John Updike died yesterday. There’s no shortage of fawning obits, but as it happens I was reading Florence King’s Reflections in a Jaundiced Eye yesterday, which includes this timely debunking inspired by her attempt to write about Updike for Lear’s magazine:
When Samuel Johnson was asked to comment on the plot of Cymbeline, he refused, saying, “It is impossible to criticize unresisting imbecility.”
I am at brain-death’s door. I can’t finish any of Updike’s books. I keep putting one down and going on to another, thinking it’ll be better, but it never is. His last one, Roger’s Version, is about a divinity professor and a computer expert who team up to prove the existence of God. Part of it is written in computerese and part in medieval Latin. The lit. crit. crowd called it “a novel of ideas.” How can they tell?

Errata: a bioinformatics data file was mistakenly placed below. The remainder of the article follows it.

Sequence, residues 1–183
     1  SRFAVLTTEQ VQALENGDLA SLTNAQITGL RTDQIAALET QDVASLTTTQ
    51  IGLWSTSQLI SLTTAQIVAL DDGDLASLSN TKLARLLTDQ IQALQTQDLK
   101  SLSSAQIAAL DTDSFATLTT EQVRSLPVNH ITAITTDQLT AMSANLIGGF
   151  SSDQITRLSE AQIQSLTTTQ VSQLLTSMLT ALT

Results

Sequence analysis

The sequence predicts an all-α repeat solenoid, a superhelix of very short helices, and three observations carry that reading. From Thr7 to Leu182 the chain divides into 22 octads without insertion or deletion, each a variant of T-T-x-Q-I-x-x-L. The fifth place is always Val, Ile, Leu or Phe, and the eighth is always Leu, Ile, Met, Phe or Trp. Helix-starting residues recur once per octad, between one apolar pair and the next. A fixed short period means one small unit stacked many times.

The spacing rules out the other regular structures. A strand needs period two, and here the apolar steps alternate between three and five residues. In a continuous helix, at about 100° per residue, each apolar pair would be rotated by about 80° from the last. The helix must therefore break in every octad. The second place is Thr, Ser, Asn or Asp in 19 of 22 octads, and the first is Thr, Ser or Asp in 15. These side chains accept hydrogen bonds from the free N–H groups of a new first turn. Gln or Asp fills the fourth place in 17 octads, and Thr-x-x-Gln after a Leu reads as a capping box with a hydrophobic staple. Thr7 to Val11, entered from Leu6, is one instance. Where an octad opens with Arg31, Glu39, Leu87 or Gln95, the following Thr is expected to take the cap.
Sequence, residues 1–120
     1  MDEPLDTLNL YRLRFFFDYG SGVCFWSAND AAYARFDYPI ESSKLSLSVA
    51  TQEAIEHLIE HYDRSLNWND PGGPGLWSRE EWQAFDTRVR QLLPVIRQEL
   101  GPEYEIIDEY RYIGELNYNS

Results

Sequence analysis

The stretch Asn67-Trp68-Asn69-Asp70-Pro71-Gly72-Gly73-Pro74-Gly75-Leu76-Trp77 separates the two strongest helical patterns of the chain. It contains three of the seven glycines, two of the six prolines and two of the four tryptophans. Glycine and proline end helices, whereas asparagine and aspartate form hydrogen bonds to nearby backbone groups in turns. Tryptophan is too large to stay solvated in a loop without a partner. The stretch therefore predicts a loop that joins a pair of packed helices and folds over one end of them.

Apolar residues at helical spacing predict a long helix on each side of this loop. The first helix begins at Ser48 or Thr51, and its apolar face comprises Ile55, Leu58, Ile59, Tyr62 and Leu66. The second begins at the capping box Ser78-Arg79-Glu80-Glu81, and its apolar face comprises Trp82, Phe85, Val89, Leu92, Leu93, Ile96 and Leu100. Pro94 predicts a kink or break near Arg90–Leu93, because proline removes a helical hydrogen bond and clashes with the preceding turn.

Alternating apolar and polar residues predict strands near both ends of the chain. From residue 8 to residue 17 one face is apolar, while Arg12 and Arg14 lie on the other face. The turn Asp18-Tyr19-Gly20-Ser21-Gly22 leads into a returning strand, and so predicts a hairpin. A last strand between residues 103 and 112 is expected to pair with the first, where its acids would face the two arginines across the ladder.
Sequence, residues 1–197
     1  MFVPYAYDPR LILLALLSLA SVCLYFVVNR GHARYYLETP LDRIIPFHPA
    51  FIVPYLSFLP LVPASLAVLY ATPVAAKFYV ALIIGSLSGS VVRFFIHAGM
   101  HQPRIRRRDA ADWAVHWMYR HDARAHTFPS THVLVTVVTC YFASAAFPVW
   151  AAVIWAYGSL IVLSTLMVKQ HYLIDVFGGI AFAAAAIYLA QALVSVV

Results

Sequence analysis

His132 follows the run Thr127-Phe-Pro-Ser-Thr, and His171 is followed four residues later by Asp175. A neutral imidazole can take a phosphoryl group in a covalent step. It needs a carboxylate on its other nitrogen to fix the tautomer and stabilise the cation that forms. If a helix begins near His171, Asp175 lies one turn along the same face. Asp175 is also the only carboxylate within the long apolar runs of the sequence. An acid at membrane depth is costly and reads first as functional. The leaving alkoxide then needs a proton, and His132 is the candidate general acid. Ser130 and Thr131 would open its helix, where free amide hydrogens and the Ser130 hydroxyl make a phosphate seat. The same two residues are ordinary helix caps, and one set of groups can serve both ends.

For the past month I’ve been hoping that Lear’s would self-destruct so I wouldn’t have to read John Updike. Last week while deep-frying softshell crabs I got the oil too hot and the pan ignited. It was a Freudian slip — I was trying to burn the house down so I wouldn’t have to read John Updike.
I’d rather be a human mine sweeper in the Strait of Hormuz than read John Updike. I’d rather run away and join the ladies auxiliary of the French Foreign Legion than read John Updike. Tell the Lear’s lady I’m dead — it’s more or less true.
There’s much more, so track down a copy of Reflections in a Jaundiced Eye.